An important requirement for your spiritual growth is that youíre willing to draw out the assumptions and perspectives that are deep within you, which are who you are as a person.† They are creating your realities.†
In your prayer or meditation or a group to which you belong where you trust the members, voice your assumptions and perspectives if you're comfortable doing so† That will help you bring them out into the light where you can look at them.†
You will also learn about many assumptions you hold through discomfort, pain, and suffering.† The physical realm is the world of changeóit provides obstacles and challenges that will bring to the surface deeply buried assumptions that you need to face but wouldn't if you weren't challenged.† Your greatest understandings may come when your business fails, you are diagnosed with terminal cancer, or a loved one dies.† During those times, you could collapse into a puddle of tears and never rise up again, or you could use what happens to discover more about yourself and the assumptions and perspectives behind why you feel as you do.† If you go through the painful process of looking at yourself deeply, you will grow from it.†
The journey is spiritual.† Uncovering, understanding, and working at changing your assumptions are large parts of what you need to do.† But youíre given help from the Higher Power and those on the next planes of life.† Whatever happens, it will work out if youíre listening to that counsel.† Ask and be open to the answers; they will come.
When an assumption is so much a part of you that you believe it's "right" or the only way to think, then it's a foundation brick that makes up your mind.† You likely won't even know about it because you just assume itís correct or the way life ought to be.† Itís a brick down there in the foundation somewhere and you never thought to look at it to see whether itís something you really want to believe.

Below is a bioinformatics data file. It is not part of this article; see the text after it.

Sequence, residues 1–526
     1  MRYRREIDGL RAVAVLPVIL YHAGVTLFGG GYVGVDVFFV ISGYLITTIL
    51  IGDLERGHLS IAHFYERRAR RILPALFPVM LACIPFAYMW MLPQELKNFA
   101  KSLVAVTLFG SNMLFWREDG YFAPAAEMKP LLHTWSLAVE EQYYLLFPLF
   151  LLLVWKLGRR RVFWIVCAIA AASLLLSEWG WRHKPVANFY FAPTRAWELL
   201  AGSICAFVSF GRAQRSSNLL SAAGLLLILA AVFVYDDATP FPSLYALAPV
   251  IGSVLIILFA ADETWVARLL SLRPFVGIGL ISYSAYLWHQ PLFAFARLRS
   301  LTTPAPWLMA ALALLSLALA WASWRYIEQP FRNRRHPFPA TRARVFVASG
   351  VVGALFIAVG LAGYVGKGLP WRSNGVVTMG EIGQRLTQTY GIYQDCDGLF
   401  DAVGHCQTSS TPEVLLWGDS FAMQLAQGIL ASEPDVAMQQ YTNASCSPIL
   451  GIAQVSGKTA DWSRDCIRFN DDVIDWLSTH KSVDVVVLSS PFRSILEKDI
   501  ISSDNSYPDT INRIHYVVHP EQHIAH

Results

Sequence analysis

These assumptions you donít even think about are "unrealized assumptions."† You havenít made them real to yourself yet.† Theyíre simply the way life is, just as we know we have a heart but have never seen it and donít have to think about it to make it beat.
These unrealized assumptions came from your upbringing in the physical realm, largely through experience.† If someoneís parents always belittled her and told her sheíd amount to nothing, the unrealized assumptions she might have learned were "Iím incompetent."† "No one likes me."† "Iíll never be a success."† "Whatís the use of trying.† Iíll never get ahead."† The person carries these unrealized assumptions and creates self-defeating realities from moment to moment throughout life.† When given a challenge at work, she stresses out, breaks down, and fails.† She fulfilled her own expectations, but they didnít exist in her work or the boss or the physical world.† They were in her mind that is apart from the body.† She lived a reality she created, but it was based on faulty, unrealized assumptions that created automatic thinking, feeling, and acting.